Pigs Halt Launceston-Hobart Race

Snowy Eales, Launceston to Hobart Bike Race 1925.

http://www.news.com.au/mercury/story/0,22884,23882890-3462,00.html

ONE of the highlights of Tasmanian cycling has been cancelled this year, for the first time in its 111-year history.

Organiser Ray Slater said the Launceston City Cycling Club had to call the $7000 Launceston-Hobart race off after Tasmania Police refused permission to race on the Midland Highway.

Mr Slater has been the race’s driving force since 1972, putting in about 100 hours of his time each year — while his tax accountancy business has donated prize money of $1000 a race.

Mr Slater, 78, said his unsuccessful battle with Tasmania Police to secure a permit this year caused him nightmares.

“It hurt very much when they said no,” he said.

Mr Slater said permits had been harder to come by since a fatal North-West Coast accident, involving a truck and young cyclist in 2004.

He said former police commissioner Richard McCreadie issued a permit last year but less senior employees had been less sympathetic this year.

Mr Slater said draft guidelines borrowed from NSW did not allow races on 110km/h highway sections, unless there were extenuating circumstances. He said his argument, that the race’s history was an extenuating circumstance, got nowhere.

He said that to his knowledge no Launceston-Hobart competitor had suffered an incident involving a motor vehicle.

He said he had offered to shorten the route to Brighton and switch the race day to AFL grand final day, when roads were quieter, to no avail.

He said he was determined to get the race up again next year.

“I will become a politician if I have to,” he said.

Acting Assistant Police Commissioner Tom Tully yesterday confirmed that cycle race guidelines excluded race permits on 110km/h roads.

Mr Tully said his department understood the race had “considerable history but is of the view that the safety issues associated with conducting a race for 25-50 cyclists over the length of the Midland Highway outweighs those considerations”.

“The guidelines were designed to maximise the safety of cyclists and other road users during a race and were adopted after consultation with the cycling fraternity in Tasmania,” he said

Note: I think it show’s poor vision on the part of the Police Force. This race has a long history and it’s worth remembering that the cyclists plying this route have been doing so for 111 years.. that’s just a few longer than the cars. Drop the speed limit to 100km for the day Commissioner Tulley? >:(

Author: Ben

Bicycle Hobo

4 thoughts on “Pigs Halt Launceston-Hobart Race”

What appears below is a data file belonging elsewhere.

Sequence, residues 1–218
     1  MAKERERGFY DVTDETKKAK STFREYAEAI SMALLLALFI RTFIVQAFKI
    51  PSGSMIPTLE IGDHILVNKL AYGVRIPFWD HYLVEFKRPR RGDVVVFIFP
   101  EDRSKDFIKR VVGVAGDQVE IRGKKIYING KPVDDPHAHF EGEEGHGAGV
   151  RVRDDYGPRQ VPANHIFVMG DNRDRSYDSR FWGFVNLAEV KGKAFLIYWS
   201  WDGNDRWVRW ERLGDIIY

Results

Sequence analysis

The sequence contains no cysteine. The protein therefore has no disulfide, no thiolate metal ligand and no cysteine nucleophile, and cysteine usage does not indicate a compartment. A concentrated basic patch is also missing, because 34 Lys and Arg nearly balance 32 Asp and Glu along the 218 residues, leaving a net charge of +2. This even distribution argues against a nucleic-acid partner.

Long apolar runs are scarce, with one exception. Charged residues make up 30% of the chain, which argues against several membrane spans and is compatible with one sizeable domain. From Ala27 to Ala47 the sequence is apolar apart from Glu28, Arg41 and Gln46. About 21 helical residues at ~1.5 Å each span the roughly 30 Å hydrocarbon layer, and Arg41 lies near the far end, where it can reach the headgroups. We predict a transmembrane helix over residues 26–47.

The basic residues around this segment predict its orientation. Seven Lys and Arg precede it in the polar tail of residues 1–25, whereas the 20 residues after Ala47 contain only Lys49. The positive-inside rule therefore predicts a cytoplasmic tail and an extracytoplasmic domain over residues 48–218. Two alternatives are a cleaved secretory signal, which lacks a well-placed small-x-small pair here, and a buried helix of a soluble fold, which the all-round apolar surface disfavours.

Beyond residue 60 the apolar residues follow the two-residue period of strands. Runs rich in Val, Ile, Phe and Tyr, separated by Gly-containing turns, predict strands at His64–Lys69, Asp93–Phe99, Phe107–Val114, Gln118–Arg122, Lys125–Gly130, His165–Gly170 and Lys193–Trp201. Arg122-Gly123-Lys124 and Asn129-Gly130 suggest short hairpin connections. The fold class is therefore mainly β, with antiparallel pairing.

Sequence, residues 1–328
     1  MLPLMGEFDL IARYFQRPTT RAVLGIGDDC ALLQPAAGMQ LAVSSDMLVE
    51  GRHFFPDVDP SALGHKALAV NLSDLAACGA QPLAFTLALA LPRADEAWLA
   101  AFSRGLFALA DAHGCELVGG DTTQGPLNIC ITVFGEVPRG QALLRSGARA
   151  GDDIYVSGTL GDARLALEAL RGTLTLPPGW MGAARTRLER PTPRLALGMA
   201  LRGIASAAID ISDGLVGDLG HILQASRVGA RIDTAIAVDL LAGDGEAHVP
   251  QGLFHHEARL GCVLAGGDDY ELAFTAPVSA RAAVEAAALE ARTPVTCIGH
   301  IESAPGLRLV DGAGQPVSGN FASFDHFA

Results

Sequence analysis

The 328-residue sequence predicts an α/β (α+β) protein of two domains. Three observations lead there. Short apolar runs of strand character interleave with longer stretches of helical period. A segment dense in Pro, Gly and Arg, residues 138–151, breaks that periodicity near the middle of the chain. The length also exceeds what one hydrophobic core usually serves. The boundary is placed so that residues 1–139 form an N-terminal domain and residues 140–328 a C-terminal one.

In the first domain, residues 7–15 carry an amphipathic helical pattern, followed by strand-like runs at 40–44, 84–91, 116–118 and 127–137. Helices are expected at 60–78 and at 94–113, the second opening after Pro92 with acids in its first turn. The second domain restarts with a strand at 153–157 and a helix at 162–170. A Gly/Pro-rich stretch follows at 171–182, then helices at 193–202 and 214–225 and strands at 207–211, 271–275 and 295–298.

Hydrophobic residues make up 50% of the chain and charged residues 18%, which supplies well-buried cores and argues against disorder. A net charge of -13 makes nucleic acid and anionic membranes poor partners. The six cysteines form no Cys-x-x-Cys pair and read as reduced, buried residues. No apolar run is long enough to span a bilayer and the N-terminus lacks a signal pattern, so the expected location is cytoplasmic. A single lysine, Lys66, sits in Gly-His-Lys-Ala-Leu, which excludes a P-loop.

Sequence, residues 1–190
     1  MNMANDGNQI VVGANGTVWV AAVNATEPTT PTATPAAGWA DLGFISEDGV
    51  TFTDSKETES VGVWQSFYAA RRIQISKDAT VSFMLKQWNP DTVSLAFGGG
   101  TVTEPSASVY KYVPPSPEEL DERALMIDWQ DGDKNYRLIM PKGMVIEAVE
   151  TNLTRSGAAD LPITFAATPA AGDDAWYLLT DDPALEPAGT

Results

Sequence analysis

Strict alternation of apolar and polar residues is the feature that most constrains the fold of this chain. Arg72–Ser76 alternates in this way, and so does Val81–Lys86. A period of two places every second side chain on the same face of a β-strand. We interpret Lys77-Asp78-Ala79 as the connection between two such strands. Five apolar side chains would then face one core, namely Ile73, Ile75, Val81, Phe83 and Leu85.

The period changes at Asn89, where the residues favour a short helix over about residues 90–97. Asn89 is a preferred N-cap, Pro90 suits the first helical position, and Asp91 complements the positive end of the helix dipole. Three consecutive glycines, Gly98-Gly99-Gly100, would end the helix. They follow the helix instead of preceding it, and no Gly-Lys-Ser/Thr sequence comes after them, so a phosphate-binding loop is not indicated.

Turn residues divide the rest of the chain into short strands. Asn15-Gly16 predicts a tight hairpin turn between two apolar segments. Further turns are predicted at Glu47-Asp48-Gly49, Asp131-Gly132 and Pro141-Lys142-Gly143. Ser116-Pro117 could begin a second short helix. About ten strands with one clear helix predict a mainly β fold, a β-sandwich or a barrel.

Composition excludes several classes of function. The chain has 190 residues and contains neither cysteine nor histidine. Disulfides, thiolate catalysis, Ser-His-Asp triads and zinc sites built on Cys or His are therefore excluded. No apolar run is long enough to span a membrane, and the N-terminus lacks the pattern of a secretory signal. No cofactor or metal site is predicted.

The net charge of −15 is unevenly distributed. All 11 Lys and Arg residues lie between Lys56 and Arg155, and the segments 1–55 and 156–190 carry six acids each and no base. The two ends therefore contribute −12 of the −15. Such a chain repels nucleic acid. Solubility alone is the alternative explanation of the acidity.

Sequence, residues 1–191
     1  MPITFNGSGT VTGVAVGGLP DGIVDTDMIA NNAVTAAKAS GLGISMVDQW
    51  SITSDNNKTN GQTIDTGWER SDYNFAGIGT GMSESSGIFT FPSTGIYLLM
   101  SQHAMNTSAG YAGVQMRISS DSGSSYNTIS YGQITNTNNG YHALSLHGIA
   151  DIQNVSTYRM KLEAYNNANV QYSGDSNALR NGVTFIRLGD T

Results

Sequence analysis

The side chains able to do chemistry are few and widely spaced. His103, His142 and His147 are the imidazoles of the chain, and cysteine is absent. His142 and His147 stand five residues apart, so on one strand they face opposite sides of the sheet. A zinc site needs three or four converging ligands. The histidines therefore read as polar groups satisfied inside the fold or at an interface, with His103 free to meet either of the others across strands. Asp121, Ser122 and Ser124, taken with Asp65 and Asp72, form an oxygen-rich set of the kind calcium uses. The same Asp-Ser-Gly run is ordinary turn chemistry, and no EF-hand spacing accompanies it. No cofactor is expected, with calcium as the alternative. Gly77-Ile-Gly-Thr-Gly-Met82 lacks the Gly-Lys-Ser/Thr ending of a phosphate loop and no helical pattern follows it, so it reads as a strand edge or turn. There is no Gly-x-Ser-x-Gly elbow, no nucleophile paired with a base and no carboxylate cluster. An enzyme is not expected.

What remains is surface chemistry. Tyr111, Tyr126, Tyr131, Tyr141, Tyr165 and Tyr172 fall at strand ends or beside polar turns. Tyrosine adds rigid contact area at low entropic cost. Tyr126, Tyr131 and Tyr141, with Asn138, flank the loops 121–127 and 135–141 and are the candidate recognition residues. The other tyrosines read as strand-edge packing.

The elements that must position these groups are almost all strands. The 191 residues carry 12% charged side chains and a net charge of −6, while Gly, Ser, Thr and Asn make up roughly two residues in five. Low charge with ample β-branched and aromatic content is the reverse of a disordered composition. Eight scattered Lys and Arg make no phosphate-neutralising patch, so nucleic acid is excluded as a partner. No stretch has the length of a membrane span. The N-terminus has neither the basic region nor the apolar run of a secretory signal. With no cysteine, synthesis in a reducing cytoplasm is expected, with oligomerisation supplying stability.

1. The cops here hate bike riders. Look at the big show they put on of escorting the Big Ride across the bridge – I remember one year they refused permission for that too. Imagine that, taxpayers using public facilities. They should run it as an alleycat! Pigs indeed.

  2. I am very disappointed that Mr Ray Slater had committed his services to the race and had this happen. I myself had a short career with Tasmania Police. I left because they told me to concentrate on the job, and to pursue the career. I resigned within 24 hours. 1969, I went in the next morning and said my intention was to be a cyclist. I still ride with great joy today after 7 yrs of racing . 47 years ofcycling And i love this recreation as much now as I did then. I remember Ray Slater in 1970 wining The Launceston Cycling race. I have fond memories of reading about Rays wins, fastest times in his races. I am sure at such bold age of 80 years Ray made it. So sad to think that this decision by Tasmania Police to ban the event may have contributed to Rays departure. What a glorious life he had.

  3. Ray Slater, Launceston to Hobart Cycle Race 1970. It was a calm sunny day in 1970. My family were keen to see the finish of this great event. In a strong performance Ray Slater rode boldly across the finish line to take the 1st place and fastest time honour in about 5.5 hrs he had averaged nearly 24 mph (35 kph). There was a distinct resemblance to a pioneer of cycling in Australia. Russell Mockridge. In those days if you were as good as Ray was, you would be deamed a Champion. Today we say a similar word Legend. With Ray Slaters name always in the Examiner Newspaper. And also mentioned In a National Agricultural paper The Weekly Times. Good bye to a true Champion and some one who was a Legend. Ray Slater.

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